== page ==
"Cousin Mordecai, I thought you were a man of sense when I put this child under your case! My great trouble in bringing her up is, that everybody flatters her and defers to her; but I thought that in you I had got a man that could be depended on!"

"I do not flatter her, cousin," replied the young minister, earnestly.

"You pretend you don't flatter her? Did n't I hear you calling her an angel?"

"Well, I don't care if I did; she is an angel," said Mr. Mordecai Rossiter, with tears in his eyes; "she is the most perfectly heavenly being I ever saw!"

"Ah! bah!" said Miss Mehitable, with intense disgust; "what fools you men are!"

Miss Mehitable now, much as she disliked it, felt bound to have some cautionary conversation with Miss Tina.

'my dear," she said; "you must be very careful in your treatment of Cousin Mordecai. I overheard some things he said to you this morning which I do not approve of."

"O yes, Aunty, he does talk in a silly way sometimes. Men always begin to talk that way to me. Why, you 've no idea the things they will say. Well, of course I don't believe them; it 's only a foolish way they have, but they all talk just alike."

"But I thought my cousin would have had his mind on better things," said Miss Mehitable. "The idea of his making love to you!"

"I know it; only think of it, Aunty! How very funny it is! and there, I have n't done a single thing to make him. I 've been just as religious as I could be, and said hymns to him, and everything, and given him good advice, – ever so much, – because, you see, he did n't know about a great many things till I told him."

"But, my dear, all this is going to make him too fond of you; you know you ought not to be thinking of such things now."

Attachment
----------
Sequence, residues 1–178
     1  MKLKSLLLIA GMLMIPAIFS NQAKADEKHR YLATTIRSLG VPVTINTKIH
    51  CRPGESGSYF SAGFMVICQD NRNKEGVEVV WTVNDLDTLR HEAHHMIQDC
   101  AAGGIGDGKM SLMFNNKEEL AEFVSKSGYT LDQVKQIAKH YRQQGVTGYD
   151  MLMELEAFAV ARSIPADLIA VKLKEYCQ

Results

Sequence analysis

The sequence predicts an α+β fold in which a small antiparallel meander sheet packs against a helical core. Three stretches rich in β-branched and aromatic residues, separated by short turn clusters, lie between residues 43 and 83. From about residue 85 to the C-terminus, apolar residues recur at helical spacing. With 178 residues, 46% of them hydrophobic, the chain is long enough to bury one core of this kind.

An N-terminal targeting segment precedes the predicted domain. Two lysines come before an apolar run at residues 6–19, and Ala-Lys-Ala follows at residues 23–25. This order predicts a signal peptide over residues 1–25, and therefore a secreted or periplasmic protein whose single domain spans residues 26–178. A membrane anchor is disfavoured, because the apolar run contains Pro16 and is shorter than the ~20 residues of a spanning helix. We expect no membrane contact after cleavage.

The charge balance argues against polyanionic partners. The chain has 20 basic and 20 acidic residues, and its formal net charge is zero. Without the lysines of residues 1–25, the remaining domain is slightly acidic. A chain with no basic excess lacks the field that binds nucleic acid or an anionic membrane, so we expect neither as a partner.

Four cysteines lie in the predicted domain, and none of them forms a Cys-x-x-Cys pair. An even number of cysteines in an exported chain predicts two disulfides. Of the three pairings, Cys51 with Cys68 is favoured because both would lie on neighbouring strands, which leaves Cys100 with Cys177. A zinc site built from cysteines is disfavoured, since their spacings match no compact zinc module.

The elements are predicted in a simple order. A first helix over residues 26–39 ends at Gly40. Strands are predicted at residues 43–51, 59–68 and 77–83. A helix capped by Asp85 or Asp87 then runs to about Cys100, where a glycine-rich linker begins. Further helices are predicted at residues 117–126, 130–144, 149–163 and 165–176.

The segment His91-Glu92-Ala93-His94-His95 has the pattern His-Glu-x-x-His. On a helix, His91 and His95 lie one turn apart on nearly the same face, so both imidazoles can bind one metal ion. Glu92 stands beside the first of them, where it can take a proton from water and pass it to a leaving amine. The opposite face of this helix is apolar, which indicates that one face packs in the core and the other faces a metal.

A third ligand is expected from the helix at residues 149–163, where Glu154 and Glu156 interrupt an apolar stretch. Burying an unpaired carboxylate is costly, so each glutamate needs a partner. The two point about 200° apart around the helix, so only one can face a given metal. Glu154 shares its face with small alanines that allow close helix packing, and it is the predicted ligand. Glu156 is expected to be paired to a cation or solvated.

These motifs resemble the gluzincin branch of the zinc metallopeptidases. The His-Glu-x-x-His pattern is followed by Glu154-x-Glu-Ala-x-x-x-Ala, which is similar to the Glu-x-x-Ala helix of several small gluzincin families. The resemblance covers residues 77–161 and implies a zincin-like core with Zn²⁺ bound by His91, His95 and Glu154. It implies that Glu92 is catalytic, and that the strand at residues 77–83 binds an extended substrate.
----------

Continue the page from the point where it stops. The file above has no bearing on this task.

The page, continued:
"What things, Aunty?" said the catechumen, innocently.

"Why, love and marriage; that 's what such feelings will come to, if you encourage them."

"Marriage! O dear me, what nonsense!" and Tina laughed till the room rang again. "Why, dear Aunty, what absurd ideas have got into your head! Of course you can't think that he 's thinking of any such thing; he 's only getting very fond of me, and I 'm trying to make him have a good time, – that 's all."

But Miss Tina found that was not all, and was provoked beyond endurance at the question proposed to her in plain terms, whether she would not look upon her teacher as one destined in a year or two to become her husband. Thereupon at once the whole gay fabric dissolved like a dream. Tina was as vexed at the proposition as a young unbroken colt is at the sight of a halter. She cried, and said she did n't like him, she could n't bear him, and she never wanted to see him again, – that he was silly and ridiculous to talk so to a little girl. And Miss Mehitable sat down to write a long letter to her brother, to inquire what she should do next.



"MY DEAR BROTHER: – I am in a complete embarras what to do with Tina. She is the very light of my eyes, – the sweetest, gayest, brightest, and best-meaning little mortal that ever was made; but somehow or other I fear I am not the one that ought to have undertaken to bring her up.

"She has a good deal of self-will; so much that I have long felt it would be quite impossible for me to control her merely by authority. In fact I laid down my sceptre long ago, such as it was. I never did have much of a gift in that way. But Tina's self-will runs in the channel of a most charming persuasiveness. She has all sorts of pretty phrases, and would talk a bird off from a bush, or a trout out of a brook, by dint of sheer persistent eloquence; and she is always so delightfully certain that her way is the right one and the best for me and all concerned. Then she has no end of those peculiar gifts of entertainment which are rather dangerous things for a young woman. She is a born mimic, she is a natural actress, and she has always a repartee or a smart saying quite apropos at the tip of her tongue. All this makes her an immense favorite with people who have no responsibility about her, – who merely want to be amused with her drolleries, and then shake their heads wisely when she is gone, and say that Miss Mehitable Rossiter ought to keep a close hand on that girl.